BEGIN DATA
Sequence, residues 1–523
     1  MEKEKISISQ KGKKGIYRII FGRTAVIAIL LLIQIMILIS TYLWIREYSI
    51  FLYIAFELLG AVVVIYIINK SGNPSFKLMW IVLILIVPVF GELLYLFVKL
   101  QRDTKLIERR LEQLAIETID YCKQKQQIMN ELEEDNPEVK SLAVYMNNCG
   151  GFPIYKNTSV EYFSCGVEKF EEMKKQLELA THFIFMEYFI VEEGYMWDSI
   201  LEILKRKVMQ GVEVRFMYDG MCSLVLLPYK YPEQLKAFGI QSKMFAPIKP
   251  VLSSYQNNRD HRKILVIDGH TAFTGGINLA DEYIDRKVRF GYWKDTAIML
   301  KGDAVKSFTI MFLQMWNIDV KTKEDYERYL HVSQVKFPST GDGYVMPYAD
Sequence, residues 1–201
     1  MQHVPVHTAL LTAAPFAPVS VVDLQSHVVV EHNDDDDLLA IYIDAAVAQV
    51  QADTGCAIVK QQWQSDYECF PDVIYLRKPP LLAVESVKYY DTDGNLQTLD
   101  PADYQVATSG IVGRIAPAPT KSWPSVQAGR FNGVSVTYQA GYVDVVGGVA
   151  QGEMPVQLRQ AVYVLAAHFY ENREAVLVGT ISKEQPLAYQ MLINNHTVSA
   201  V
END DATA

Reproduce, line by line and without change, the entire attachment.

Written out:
Sequence, residues 1–523
     1  MEKEKISISQ KGKKGIYRII FGRTAVIAIL LLIQIMILIS TYLWIREYSI
    51  FLYIAFELLG AVVVIYIINK SGNPSFKLMW IVLILIVPVF GELLYLFVKL
   101  QRDTKLIERR LEQLAIETID YCKQKQQIMN ELEEDNPEVK SLAVYMNNCG
   151  GFPIYKNTSV EYFSCGVEKF EEMKKQLELA THFIFMEYFI VEEGYMWDSI
   201  LEILKRKVMQ GVEVRFMYDG MCSLVLLPYK YPEQLKAFGI QSKMFAPIKP
   251  VLSSYQNNRD HRKILVIDGH TAFTGGINLA DEYIDRKVRF GYWKDTAIML
   301  KGDAVKSFTI MFLQMWNIDV KTKEDYERYL HVSQVKFPST GDGYVMPYAD
Sequence, residues 1–201
     1  MQHVPVHTAL LTAAPFAPVS VVDLQSHVVV EHNDDDDLLA IYIDAAVAQV
    51  QADTGCAIVK QQWQSDYECF PDVIYLRKPP LLAVESVKYY DTDGNLQTLD
   101  PADYQVATSG IVGRIAPAPT KSWPSVQAGR FNGVSVTYQA GYVDVVGGVA
   151  QGEMPVQLRQ AVYVLAAHFY ENREAVLVGT ISKEQPLAYQ MLINNHTVSA
   201  V